“There is strong and consistent evidence that James Bond has a chronic alcohol consumption problem at the ‘severe’ end of the spectrum. He should seek professional help and try to find other strategies for managing occupational stress.”
Medical Journal of Australia (December 2018)
There could be no James Bond without the “shaken not stirred” thing. That line is iconic. But a new study published in the Medical Journal of Australia casts a shadow on all this booze, saying Bond displayed “severe alcohol use disorder” over the course of six decades and 24 movies. No shit? Follow us on Twitter: @INTEL_TODAY
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The study authors found that, in his entire onscreen career, Bond drank 109 times. His most excessive outing was when he downed six Vespers and raised his blood alcohol level to approximately 0.36 grams per decilitre in Quantum of Solace.
That would be “enough to kill some people,” the scientists concluded.
Bond’s actions, including binge drinking, driving after drinking, fighting after drinking, having sex after drinking, and operating nuclear machinery after drinking, satisfied more than half of the American Psychiatric Association’s DSM-5 criteria for alcohol use disorder.
“This seems like a good time to remind everyone that James Bond is a made-up person. He has been young and sprightly since 1962. He goes through cocktails, cars, and women at a comical rate. He is in no way a role model for a healthy lifestyle. He is not real,” write Sarah Rense.
According to the lead study author, this Bond study was intended to be fun. It won a Christmas competition held by the Medical Journal of Australia. Are you laughing yet?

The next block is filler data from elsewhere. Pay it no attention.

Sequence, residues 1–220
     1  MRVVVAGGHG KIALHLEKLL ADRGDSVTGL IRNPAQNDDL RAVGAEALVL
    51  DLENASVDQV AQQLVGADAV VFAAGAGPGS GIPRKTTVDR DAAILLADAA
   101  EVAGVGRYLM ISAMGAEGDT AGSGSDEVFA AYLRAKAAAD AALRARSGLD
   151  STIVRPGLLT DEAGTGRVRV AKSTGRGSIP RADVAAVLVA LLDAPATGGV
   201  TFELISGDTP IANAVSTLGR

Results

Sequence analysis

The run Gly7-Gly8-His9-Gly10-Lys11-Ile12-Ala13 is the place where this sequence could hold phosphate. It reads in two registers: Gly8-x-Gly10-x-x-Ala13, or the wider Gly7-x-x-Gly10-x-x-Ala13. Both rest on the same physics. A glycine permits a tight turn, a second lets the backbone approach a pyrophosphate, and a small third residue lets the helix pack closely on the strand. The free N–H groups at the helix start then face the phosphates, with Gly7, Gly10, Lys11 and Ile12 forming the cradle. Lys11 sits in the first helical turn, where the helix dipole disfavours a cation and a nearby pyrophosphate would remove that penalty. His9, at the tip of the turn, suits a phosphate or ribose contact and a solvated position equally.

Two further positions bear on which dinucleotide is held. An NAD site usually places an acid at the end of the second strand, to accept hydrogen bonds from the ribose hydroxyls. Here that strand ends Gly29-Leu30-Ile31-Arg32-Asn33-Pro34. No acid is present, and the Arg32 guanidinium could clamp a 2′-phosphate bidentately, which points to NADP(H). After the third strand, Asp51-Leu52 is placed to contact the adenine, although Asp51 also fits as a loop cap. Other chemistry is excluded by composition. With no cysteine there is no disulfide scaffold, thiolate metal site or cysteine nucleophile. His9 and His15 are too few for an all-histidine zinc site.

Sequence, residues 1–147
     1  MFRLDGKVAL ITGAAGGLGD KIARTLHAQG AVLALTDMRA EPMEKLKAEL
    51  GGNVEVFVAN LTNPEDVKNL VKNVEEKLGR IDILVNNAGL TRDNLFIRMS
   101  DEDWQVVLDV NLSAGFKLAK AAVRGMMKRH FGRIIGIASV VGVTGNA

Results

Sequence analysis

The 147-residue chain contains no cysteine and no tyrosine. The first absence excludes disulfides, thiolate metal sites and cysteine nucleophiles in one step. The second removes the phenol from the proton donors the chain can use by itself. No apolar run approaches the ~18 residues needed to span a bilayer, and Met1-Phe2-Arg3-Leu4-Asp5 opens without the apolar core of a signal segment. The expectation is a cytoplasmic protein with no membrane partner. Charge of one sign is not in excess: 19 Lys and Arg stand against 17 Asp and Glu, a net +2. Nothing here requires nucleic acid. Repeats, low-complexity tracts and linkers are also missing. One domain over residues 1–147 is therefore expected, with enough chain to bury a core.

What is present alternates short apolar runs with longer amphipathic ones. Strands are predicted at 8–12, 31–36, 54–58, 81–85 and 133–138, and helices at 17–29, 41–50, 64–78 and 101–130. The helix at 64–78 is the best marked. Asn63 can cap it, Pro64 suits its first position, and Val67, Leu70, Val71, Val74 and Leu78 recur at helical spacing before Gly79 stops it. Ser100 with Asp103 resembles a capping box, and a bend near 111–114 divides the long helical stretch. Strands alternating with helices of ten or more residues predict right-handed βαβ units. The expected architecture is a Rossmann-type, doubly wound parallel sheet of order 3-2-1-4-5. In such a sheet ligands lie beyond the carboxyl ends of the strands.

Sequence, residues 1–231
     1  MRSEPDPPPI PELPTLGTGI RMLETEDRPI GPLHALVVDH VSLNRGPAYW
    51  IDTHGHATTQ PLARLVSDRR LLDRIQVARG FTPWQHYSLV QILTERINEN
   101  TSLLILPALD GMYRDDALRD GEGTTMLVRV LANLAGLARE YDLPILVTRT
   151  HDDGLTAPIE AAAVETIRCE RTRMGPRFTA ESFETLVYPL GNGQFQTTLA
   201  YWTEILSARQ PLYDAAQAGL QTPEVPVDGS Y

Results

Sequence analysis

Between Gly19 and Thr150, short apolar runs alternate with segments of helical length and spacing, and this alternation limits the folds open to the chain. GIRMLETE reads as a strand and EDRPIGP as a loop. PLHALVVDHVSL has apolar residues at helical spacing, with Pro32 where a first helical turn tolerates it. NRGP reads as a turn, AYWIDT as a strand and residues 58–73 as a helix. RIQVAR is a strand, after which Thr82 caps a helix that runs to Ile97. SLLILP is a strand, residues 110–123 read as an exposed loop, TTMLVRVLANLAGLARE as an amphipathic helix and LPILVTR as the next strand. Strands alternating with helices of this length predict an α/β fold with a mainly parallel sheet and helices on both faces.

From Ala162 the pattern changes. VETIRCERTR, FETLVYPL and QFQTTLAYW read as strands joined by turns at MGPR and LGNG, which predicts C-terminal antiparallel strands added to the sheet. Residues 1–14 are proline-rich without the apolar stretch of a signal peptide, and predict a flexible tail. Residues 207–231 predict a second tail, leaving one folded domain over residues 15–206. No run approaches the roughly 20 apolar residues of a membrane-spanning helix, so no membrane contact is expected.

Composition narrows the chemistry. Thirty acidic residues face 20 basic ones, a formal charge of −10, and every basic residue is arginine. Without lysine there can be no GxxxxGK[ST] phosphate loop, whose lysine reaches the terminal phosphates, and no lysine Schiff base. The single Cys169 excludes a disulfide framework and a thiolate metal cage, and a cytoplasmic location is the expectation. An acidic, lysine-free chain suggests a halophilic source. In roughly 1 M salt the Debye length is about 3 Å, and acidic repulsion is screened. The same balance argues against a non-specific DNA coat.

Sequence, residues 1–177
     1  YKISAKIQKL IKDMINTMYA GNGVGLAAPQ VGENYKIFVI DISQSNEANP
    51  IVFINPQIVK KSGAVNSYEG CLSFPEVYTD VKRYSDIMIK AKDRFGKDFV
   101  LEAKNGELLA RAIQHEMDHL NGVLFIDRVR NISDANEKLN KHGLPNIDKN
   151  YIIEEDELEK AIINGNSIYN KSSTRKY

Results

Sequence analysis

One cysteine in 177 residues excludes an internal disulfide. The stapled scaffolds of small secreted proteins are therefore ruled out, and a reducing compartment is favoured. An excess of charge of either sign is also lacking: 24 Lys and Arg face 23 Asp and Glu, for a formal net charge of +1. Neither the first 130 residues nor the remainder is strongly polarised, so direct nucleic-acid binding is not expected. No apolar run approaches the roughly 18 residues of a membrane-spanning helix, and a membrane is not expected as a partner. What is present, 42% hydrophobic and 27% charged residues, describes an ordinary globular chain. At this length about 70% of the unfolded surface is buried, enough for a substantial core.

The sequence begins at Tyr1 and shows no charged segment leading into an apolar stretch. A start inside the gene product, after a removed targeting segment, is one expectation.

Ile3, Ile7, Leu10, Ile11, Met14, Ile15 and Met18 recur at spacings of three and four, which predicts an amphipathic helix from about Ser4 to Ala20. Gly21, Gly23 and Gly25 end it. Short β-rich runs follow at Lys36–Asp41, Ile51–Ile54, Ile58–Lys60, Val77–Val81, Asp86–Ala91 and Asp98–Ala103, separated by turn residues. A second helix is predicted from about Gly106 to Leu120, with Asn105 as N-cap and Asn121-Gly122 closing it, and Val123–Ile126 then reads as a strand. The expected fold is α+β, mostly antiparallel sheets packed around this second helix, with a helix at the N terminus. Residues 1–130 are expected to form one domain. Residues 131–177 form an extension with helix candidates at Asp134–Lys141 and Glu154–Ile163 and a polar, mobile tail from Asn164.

Risk reduction strategies that Bond could consider
Ideally, Bond should urgently seek professional help for his drinking. But a few potential interim strategies might minimise his risks in the short-term.
He should avoid drinking on the job, in particular when anticipating a gunfight or if he is likely to be drugged (as these are problems he frequently encounters).
Complex tasks, including aerial combat in helicopter gunships and deactivation of nuclear weapons, are best done with a zero blood alcohol level.
He should avoid drinking with sexual partners who may want to disable, capture or kill him, as 9 of 60 (15%) have attempted to do so in the past.
Not drinking can also help when negotiating delicate conversations with new partners about barrier contraception and sharing sexually transmitted disease histories.
Partners who drink should not smoke in bed (eg, Tiffany Case in Diamonds Are Forever, 1971), as this is a ﬁre risk. Further, Bond should neither allow knives in bed (eg, Jinx) nor hide guns under pillows.
Addicts fetishize their object of desire and its context. Bond should therefore be mindful of how he exhibits his encyclopaedic knowledge of alcohol (vintages, design of cocktails etc.) when aiming to project an image as a connoisseur or to show off his expensive tastes.
Bond should instead try to cultivate a more detached perspective and to develop alternative interests; eg, his nascent interests in lepidopterology (study of moths and butterflies) revealed when commenting expertly on M’s collection.
Creating a more supportive environment for Bond
Bond’s workplace (MI6) should be a more responsible employer by referring him to work-funded counselling or psychiatric support services for managing his alcohol use disorder.
These services should also determine whether he has any post-traumatic stress after killing so many people and having been tortured so often (eg, in Casino Royale, Spectre).
Similarly, the workplace culture needs to change; to start with, M should no longer offer Bond drinks in work place settings.
Further, MI6 management needs to redefine Bond’s job to reduce his stress levels.
More ﬁeld support and a stronger team approach are needed so that his duties do not weigh as heavily upon him.
This may reduce his need to take excessive individual responsibility for mission success, and lessen his drive to pursue missions when off duty (ie, as a rogue agent and personal vendettas.
More training in how to negotiate with enemies may also reduce the need for killing them, as might MI6 placing limitations on his“licence to kill”.
MEDINT — James Bond Has a Severe Chronic Alcohol Problem